‘I love you, I thank you and I hear you’ – Pauline Oliveros (and Daniel Weintraub)

Whilst researching for a piece, I came across the journey of this documentary about Pauline Oliveros (May 30, 1932 – November 24, 2016) which has been slowly fundraising and gestating into existence, directed by Daniel Weintraub.

The quote above in title of this piece is something said by Steve Buscemi at the end of his brief introduction to a live-streamed fundraising event from December 2021 (2nd embedded video below) which features some excellent live performances not least wonderful playing of an Oliveros piece ‘Thirteen Changes’ from her students Claire Chase, Susie Ibarra and Sanem Pirlar (Describing themselves as the musical daughters of Oliveros).

Above is a clip which I found in this interview from Ravelin Magazine about Weintraub’s making of the film and of course, about Pauline Oliveros herself and her journey in life and sound – and crucially – through her exploration of perception and sound which was the collected meditative and practical approach of ‘Deep Listening’ (and latterly developed by Pauline as ‘Quantum Listening‘) described also as being practises of ‘healing and transformation…‘.

Weintraub had completed 90% of the filming for the documentary when Oliveros passed in 2016 and in the interview explains he is still processing how it has impacted. At one point he states ‘Since Pauline passed, I have witnessed a worldwide effort by artists and institutions to keep Pauline’s spirit alive. The world needs her wisdom right now, and this film will be my contribution to that effort as well as a vehicle to help introduce many more people to Pauline and her work’. Its a fascinating interview that gives insight into her impact, as a composer, as an experimenter and thinker, mentioning among other things her early compositional work Sound Patterns (1961) which influenced Lygeti’s profound piece Lux Aeterna (1966).

As an explorer, Oliveros was courageous and driven by a need to expand and share worlds of discovery, reaching those often excluded or marginalised. As Weintraub relays some of the astounding things she pioneered (including he claims the earliest recorded free improvisations in 1957 and the first modular synthesiser built with Don Buchla). Yet that openness and willingness to build and be a bridge for others shines out as he explains ‘In AUMI, Pauline pioneered software that allows people with limited movement to perform music. Pauline’s final composition involved special instruments for the hearing impaired and included performers and a conductor who was deaf.’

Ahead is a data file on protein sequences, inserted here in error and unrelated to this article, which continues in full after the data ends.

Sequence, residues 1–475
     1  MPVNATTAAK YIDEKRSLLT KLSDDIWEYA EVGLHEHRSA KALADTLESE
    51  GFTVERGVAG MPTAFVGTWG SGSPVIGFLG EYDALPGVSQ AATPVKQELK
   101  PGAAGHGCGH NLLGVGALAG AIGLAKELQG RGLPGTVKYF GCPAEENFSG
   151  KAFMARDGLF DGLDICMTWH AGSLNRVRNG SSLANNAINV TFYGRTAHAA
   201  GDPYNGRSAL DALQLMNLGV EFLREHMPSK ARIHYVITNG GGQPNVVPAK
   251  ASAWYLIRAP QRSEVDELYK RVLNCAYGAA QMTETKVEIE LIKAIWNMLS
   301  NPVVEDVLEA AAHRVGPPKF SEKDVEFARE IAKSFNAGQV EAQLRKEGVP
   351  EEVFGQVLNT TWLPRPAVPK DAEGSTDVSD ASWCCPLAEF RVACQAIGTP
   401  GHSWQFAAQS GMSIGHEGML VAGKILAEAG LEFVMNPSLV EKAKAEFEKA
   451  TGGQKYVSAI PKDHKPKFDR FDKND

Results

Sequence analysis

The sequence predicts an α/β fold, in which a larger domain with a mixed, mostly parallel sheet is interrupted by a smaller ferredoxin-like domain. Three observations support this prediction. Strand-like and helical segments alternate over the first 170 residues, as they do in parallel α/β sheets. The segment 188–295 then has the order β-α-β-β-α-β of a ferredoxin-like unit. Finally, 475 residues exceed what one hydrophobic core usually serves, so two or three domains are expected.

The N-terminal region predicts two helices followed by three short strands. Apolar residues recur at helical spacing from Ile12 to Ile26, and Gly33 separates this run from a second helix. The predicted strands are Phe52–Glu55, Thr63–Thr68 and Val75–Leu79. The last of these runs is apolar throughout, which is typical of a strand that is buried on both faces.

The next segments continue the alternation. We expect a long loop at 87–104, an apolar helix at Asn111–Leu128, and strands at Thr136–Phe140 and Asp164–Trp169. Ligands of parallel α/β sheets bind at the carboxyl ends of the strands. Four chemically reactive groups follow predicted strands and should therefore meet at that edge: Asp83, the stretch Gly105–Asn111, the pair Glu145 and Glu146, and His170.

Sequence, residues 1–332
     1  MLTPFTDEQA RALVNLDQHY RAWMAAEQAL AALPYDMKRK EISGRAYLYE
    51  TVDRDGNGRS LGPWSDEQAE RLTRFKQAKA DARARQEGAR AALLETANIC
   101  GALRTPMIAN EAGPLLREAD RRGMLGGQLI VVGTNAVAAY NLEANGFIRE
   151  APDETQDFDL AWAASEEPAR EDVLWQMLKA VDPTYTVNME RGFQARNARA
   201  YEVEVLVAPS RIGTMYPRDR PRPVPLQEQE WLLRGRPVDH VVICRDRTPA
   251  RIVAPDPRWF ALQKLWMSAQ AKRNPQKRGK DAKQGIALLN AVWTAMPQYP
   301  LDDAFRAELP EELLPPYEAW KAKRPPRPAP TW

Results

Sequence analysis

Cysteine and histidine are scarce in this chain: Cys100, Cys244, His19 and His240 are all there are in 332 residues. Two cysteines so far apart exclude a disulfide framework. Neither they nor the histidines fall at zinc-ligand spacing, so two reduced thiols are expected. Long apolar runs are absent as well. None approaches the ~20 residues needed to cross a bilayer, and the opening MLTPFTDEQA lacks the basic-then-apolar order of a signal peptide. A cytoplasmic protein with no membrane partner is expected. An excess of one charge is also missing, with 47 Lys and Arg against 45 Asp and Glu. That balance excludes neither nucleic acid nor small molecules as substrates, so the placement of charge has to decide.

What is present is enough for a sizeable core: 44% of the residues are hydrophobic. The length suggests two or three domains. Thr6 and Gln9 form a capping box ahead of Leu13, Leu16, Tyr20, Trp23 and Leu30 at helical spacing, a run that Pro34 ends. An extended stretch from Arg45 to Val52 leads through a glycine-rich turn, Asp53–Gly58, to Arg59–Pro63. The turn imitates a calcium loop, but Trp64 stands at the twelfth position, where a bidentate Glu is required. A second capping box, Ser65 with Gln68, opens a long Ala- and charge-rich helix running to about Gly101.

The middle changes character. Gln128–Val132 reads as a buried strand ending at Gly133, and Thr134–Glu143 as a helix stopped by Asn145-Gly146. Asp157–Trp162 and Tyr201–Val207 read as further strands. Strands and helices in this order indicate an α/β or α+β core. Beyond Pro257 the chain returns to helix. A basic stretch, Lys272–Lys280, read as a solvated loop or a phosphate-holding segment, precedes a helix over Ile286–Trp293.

Details for how to donate towards the completion of the film can be found here. I’ve written about Oliveros before, not least in the 3 part ‘From the Lightning Side‘ about women’s voices in music. The Deep Listening concept was a key strand of the essay ‘Engines of Transformation‘ which I wrote some time ago.

As per the section of ‘From the Lightning Side’ that engaged with Oliveros:

There is a depth to the space itself of ‘A Love Song’ as bodies of sound merge into the remnant echo of spaces and become each other, For anyone unaware, Pauline oliveros has uniquely shaped and impacted amazing spaces in human music, resonating in the cavernous and folding/unfolding the intricate shifting kaleidoscope of human voices.  For me, Oliveros’ contribution to music and its understanding is paramount, she has created and produced some of the most important avant garde pieces of music from the time the ‘minimalists’ were coming into prominence (La Monte Young, Terry Riley, Steve Reich, Philip Glass et al).  Her work on Deep Listening (and latterly Quantum listening) is an available modulation to the activity of perceiving sound, an opening, a widening, a deepening of the availability of sonic material to be transformative.  She has also honed work on the drone to spectacular effect.  The piece ‘Lear’ is an unmissable drift through altered space.

Pauline’s brilliant 2005 essay Deep Listening A Composer’s Practise is available here, though of course, its always better to have the book.

It’s also noticeable that there was a vinyl re-issue of the original 1989 Deep Listening album with Oliveros stalwarts Stuart Dempster and Panaiotis in 2020, featuring extraordinarily-spaced improvisations (from which came Lear, referenced above. As well as a forthcoming reissue of another classic by Oliveros, more of which I am sure will inevitably follow. Watch this space, listen to this space, expand this space… as perception, as realisation, as (to quote Jodorowsky) ‘A lucidity without walls’.


Oliveros (Image from Ravelin Magazine attributed Daniel Weintraub).

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